chomp $r;
    if ($r =~ m/^No symbol/) {
        # No match, just return the original string, but add the original
        # string to the cache so we don't do the lookup again.
        $cache{$addr} = $addr;
        return $addr;

    # Memoize the match and return it.
    $cache{$addr} = $r;
    return $r;

You can run it like this:

$ /usr/lib/debug/lib/modules/4.4.4-301.fc23.x86_64/vmlinux times.log > symbols.log

Come back tomorrow for further analysis …


Filed under Uncategorized

14 responses to “Tracing QEMU guest execution

  1. Pingback: Tracing QEMU guest execution part 2 | Richard WM Jones


    hello, i followed your introduction “tracing QEMU guest excution” and i noticed nothing printed in my trace file. did i miss something ? i used this instruction “qemu-system-x86_64 -m 2G -trace events=/tmp/events ../qemu/test.img” to get trace. i checked my /tmp/events file and configured with trace-backends=simple option. what is wrong my system ? plz kindly help me. Thanks. !

  3. Arjun

    Hey. Nice post. But how do I switch off the tb caching so that the exec_tb_nocache logs the traces? Any idea?

  4. ouss

    what i understand that pc returns the address of tb so the address of *tb did match the adress of what .

    other question please tc-ptr adress is the adress of host code in all cases (i want to say before translating or after it match to the code of the host architecture.thanks

  5. Nesrine

    Could any one help me to understand how to add trace events to the /tmp/events file ??
    I used “echo memory_region_ops_read > /tmp/events ” but I didn’t find any trace file after launching qemu !

  6. Patching trace-events is not needed anymore since 5caa262fdadae08f7c5af7f1328d424823811aaa (Jul 17) I think.

  7. hao

    Awesome articles. Do you know how to print instruction flow into a file?

  8. Improved version of script:

    # (Improved version of taken from )
    # Find everything that looks like a kernel address in the input
    # and append it with source code descriptions using addr2line.
    # Usage:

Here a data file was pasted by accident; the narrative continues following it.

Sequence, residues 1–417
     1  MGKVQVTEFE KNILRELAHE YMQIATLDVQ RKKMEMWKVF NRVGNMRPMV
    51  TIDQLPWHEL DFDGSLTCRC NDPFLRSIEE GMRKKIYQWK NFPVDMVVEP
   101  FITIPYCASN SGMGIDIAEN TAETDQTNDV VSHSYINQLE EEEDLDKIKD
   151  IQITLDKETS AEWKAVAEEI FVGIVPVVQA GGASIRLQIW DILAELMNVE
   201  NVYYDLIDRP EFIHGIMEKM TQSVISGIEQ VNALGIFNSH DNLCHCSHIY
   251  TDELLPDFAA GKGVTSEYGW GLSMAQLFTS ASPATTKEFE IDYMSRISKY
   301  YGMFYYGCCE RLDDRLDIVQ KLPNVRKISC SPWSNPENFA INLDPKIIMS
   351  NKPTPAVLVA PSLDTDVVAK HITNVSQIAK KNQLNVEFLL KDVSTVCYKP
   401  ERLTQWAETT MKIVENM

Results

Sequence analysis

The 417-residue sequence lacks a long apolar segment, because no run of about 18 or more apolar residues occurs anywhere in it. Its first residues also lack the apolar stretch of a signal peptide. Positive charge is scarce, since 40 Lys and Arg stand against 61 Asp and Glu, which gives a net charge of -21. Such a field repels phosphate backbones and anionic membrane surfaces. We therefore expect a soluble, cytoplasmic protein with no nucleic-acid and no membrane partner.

# source_root_dir vmlinux_path addr2line_path < input > output
    # where
    # 'input' is a trace file with lines containing PC (Program Counter) values
    # 'output' is a processed 'input' appended with descriptive source lines for debugging
    # 'source_root_dir' is a root of path with linux kernel sources, from which
    # vmlinux binary was build (actually, any path may be given, it's just to shorten file paths in 'output')
    # 'vmlinux_path' is a path to vmlinux binary
    # 'addr2line_path' is a path to addr2line utility from toolchain vmlinux was built
    # (system/distro default one may fit in case if host is of same architecture)
    # Example: ./kernel-src ./kernel-build/vmlinux addr2line < trace_dump.txt > trace_dump_vmlinux.txt
    use File::Spec qw(abs2rel);
    use FileHandle;
    use IPC::Open3;
    my %cache = ();
    my $source_root_dir = shift;
    $source_root_dir = `readlink -n $source_root_dir`;
    my $vmlinux_path = shift;
    my $addr2line_path = shift;
    # Start addr2line utility in parallel to use its stdio streams to perform conversions
    # (makes huge speedup to processing of large data)
    my $addr2line_cmd = "$addr2line_path -f -i -p -e $vmlinux_path";
    my $addr2line_in = new FileHandle;
    my $addr2line_out = new FileHandle;
    my $addr2line_err = new FileHandle;
    open3($addr2line_in, $addr2line_out, $addr2line_err, "$addr2line_cmd") or die "$addr2line_cmd: $!";
    vec($addrline_s_bits, $addr2line_out->fileno(), 1) = 1;
    vec($addrline_s_bits, $addr2line_err->fileno(), 1) = 1;
    while (<>) {
    s{^(.*\s)([0-9a-fA-F]{6,16})(.*)$}{ $1 . $2 . $3 . addr_to_src_code_desc ($2) }e;
    sub addr_to_src_code_desc
    local $_;
    my $addr = $_[0];
    my $src_code_desc;
    # Check if data is already memorized
    return $cache{$addr} if exists $cache{$addr};
    # Send address to addr2line utility…
    print $addr2line_in "$addr\n";
    # … and wait&receive result from it
    # (we cannot simply use buffered "$src_code_desc = <$addr2line_out>",
    # because it may consist of multiple lines)
    # (also we assume that addr2line flushes stdout explicitly and once it writes complete answer)
    my $nfound = select($addrline_s_bits,undef,undef,undef);
    die "addr2line I/O error\n" if ($nfound == -1);
    sysread $addr2line_out,$src_code_desc,100000; #TODO: replace magic LENGTH with appropriate value
    # Format result for better readability
    $src_code_desc =~ s{(at\s+)(.+)(\:\d+)}{ $1 . path_relative_to_source_root ($2) . $3 }ge;
    $src_code_desc = "\n$src_code_desc";
    # Memorize data for later reuse.
    $cache{$addr} = $src_code_desc;
    return $src_code_desc;
    sub path_relative_to_source_root
    local $_;
    my $abs_path = $_[0];
    my $rel_path = File::Spec->abs2rel( $abs_path, $source_root_dir );
    return $rel_path;

    view raw
    hosted with ❤ by GitHub

    It have super-fast performance and more descriptive source code positions output 🙂

  9. hck

    Thank you for making this post. It’s super interesting! I tried but it’s slow so I wonder if you have any ways to speed it up?